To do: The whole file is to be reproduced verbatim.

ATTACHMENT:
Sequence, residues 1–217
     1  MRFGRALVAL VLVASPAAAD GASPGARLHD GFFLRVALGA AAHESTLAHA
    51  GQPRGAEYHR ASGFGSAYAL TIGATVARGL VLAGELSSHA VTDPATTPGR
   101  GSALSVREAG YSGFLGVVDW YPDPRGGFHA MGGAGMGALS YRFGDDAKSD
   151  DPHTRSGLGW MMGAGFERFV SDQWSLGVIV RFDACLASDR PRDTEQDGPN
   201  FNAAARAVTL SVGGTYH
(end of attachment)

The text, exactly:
Sequence, residues 1–217
     1  MRFGRALVAL VLVASPAAAD GASPGARLHD GFFLRVALGA AAHESTLAHA
    51  GQPRGAEYHR ASGFGSAYAL TIGATVARGL VLAGELSSHA VTDPATTPGR
   101  GSALSVREAG YSGFLGVVDW YPDPRGGFHA MGGAGMGALS YRFGDDAKSD
   151  DPHTRSGLGW MMGAGFERFV SDQWSLGVIV RFDACLASDR PRDTEQDGPN
   201  FNAAARAVTL SVGGTYH